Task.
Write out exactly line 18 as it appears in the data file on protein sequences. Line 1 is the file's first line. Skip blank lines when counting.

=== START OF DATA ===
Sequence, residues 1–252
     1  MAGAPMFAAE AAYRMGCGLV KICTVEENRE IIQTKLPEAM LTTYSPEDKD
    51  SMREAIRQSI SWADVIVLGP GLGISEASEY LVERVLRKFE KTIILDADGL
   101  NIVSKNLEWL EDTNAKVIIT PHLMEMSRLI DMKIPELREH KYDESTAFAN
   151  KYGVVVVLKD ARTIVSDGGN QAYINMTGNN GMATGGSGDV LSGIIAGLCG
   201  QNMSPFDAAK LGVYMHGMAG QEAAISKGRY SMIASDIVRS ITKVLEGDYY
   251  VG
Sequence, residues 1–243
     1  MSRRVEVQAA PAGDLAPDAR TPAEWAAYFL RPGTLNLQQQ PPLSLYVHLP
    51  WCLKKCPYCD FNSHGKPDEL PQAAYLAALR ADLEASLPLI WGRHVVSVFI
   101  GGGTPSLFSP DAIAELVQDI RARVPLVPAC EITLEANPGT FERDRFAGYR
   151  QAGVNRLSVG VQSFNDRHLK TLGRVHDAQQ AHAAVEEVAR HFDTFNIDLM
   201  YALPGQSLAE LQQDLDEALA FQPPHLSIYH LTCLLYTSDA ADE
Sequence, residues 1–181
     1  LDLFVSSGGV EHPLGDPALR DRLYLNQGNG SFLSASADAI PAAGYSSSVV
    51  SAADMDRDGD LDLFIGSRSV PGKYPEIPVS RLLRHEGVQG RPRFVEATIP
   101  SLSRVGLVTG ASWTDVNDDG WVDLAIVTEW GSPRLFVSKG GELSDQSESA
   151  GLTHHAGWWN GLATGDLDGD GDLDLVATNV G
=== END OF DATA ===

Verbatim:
   151  GLTHHAGWWN GLATGDLDGD GDLDLVATNV G